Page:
Do you smoke? If you are a smoker, do you know that you don’t have the right to endanger the health of non-smokers? Are you current on the latest initiatives or legal provisions in your country?
I was a casual smoker at one time. I used to take a few puffs from my friends during outings and fun times. Like many hard smokers, I didn’t pay heed to the harmful effects tobacco smoke can have on my health. The only thing I realised and I hated the most is the bad breath that came out; stinky mouth. How disgusting when you have to approach your partner or your mate or anyone who doesn’t smoke.
As I had started to experience unstable blood pressure I decided for a check up in 1998. I was shocked when the doctor asked me if I was a heavy smoker. Reason? The echocardiography revealed dark spots; well this is what he told me. He didn’t trust my word when I insisted that I smoked only on rare occasions; not even one cigarette in a week. If I had dark spots what would be the case with regular smokers? I felt so much remorse that I stopped tobacco consumption for good. No first hand smoking at all. I’m not so sure whether it applies for passive smoking as we are all somehow exposed to smoke in the environment.
Tobacco is known to be the second major cause of death in the world. It is responsible for about five million deaths each year. It accounts for numerous diseases, disability, and malnutrition, loss of productivity, increased health care costs and serious economic problems. In a report in 1994 it was estimated that the use of tobacco caused an annual global net loss of USD 200,000 millions. The current pattern in smoking is expected to result in some 10 million deaths each year by the year 2020.
Studies have shown that smoke contains some 4000 toxic chemicals. These affect not only the smoker but also non-smokers who live in the surrounding by a phenomenon known as secondhand smoking or passive smoking. Secondhand smoke is other people’s tobacco smoke. It can cause serious damage to the human body, like blood clotting, increased risk of lung cancer and heart disease. The risk of such diseases is the same in smokers and secondhand smokers. Secondhand smoking occurs mainly in enclosed environments, in rooms, offices, bars, restaurants, casinos, vehicles and other such places where people smoke.
Secondhand smoke stays in the environment for long and is most of the time invisible and odourless. In a room it may be present after two and half hours even if you open the windows. In a car it’s even worse as all the smoke is concentrated in a small area.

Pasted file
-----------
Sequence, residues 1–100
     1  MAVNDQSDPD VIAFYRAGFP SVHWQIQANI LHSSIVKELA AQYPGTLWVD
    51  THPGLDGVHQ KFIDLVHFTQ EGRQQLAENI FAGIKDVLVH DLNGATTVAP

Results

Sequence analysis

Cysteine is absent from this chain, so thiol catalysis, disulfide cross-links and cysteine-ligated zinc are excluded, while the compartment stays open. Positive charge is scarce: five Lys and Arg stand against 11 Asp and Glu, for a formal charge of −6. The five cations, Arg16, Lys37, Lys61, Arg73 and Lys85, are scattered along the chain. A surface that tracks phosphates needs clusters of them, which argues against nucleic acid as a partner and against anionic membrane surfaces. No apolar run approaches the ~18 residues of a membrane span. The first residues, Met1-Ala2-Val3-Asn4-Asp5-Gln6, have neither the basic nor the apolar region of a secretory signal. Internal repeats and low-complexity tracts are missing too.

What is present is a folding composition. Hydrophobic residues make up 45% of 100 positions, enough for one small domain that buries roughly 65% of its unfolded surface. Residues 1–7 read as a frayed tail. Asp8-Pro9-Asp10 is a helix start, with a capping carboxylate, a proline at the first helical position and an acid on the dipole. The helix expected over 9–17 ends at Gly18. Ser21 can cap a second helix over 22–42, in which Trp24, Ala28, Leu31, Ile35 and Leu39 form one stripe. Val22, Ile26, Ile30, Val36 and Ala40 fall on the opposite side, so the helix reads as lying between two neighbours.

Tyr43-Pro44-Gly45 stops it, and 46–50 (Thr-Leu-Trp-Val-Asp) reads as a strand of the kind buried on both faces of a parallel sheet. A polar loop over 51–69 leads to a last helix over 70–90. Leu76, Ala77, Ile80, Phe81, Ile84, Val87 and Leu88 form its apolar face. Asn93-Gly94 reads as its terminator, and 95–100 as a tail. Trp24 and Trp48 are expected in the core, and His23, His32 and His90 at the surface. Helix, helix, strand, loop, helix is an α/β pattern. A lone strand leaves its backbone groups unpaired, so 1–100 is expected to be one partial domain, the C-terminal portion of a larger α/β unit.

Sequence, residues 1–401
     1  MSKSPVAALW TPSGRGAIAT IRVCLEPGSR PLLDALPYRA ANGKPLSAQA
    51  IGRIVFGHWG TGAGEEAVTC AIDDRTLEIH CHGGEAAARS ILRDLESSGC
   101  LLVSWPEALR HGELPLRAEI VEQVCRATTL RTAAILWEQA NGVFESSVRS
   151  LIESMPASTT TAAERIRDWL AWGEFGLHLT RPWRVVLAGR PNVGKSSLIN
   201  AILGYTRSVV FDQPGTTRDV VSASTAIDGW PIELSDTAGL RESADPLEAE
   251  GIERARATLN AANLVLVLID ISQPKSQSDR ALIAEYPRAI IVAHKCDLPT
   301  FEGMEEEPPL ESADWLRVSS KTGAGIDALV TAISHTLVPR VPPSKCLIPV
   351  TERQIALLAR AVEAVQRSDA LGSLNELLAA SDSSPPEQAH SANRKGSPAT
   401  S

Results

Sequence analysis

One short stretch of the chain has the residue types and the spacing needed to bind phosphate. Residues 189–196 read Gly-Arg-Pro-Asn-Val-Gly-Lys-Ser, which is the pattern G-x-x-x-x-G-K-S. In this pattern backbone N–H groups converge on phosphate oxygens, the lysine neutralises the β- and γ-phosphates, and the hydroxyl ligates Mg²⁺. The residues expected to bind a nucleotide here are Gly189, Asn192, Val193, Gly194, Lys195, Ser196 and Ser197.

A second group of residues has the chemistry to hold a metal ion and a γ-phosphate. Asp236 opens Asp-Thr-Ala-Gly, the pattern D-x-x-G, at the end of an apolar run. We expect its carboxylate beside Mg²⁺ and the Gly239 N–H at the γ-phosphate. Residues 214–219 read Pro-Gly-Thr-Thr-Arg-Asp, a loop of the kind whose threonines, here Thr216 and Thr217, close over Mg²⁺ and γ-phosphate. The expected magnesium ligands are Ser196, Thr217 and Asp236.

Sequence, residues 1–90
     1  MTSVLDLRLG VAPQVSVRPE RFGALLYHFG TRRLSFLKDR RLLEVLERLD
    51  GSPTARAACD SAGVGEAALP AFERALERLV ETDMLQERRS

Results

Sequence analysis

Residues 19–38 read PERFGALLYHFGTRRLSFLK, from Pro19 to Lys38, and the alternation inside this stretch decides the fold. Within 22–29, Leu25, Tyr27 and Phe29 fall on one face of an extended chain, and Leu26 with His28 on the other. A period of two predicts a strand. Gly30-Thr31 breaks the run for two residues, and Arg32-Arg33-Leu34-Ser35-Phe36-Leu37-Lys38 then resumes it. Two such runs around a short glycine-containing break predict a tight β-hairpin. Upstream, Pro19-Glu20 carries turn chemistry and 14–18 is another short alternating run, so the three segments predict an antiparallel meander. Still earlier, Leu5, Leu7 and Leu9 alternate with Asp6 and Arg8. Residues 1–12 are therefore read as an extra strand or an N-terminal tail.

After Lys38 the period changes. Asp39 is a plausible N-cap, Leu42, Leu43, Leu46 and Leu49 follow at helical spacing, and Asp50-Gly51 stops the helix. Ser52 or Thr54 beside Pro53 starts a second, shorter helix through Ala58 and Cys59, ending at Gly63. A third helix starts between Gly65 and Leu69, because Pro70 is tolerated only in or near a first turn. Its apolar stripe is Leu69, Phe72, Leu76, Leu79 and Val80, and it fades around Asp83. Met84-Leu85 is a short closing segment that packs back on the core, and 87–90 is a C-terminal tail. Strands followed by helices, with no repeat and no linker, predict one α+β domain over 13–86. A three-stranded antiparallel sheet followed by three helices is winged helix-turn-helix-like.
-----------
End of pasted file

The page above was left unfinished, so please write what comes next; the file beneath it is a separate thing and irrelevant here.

Scared? Well, there’s every reason to be. But we can do something about it, together. Although most smokers would argue it’s not easy to quit smoking. If you can choose to smoke at your own risk and peril, you have no right to put other people’s health at risk. Non-smokers have the right to a smoke-free environment.
That’s why the United Kingdom will be introducing a law “to protect employees and the public from the harmful effects of secondhand smoke”. As from 1 July this year, therefore, smoking in all “enclosed” and “substantially enclosed” public places and workplaces will be prohibited by law. The law aims at a smoke-free environment.
Enclosed premises would include those having a ceiling or roof and fully enclosed except for doors, windows or passageways. Substantially enclosed premises would be those with a ceiling or roof but having an opening in the walls that is less than half the total area of the walls.
So you won’t be allowed to smoke in a public transport and work vehicles carrying more than one person. Smoking signs will have to be displayed in all smoke-free premises and vehicles. Indoor smoking areas including staff smoking rooms will be forbidden; and anyone willing to smoke will have to go outside. There will be a legal responsibility on managers to prevent people from smoking in smoke-free premises and vehicles. It will be a criminal offence if you don’t comply with the requirements of the law and you’ll be liable to fixed penalties or maximum fines upon conviction.
What better initiative than the upcoming UK legislation to crack down on smokers in the context of World No-Tobacco Day to be celebrated on 31 May with the theme: “Smoke-free environments”.
In Mauritius the campaign has started on 23 May and will last until 7 June to sensitize people on the ill-effects of smoking and the need to promote a smoke-free environment. TV spots, forums, radio talks, poster competitions and regional workshops are scheduled during that period.
But it’s all a question of personal choice and conscience. If each of us could contribute in bringing a halt to tobacco smoking, the world would be a healthier place to live.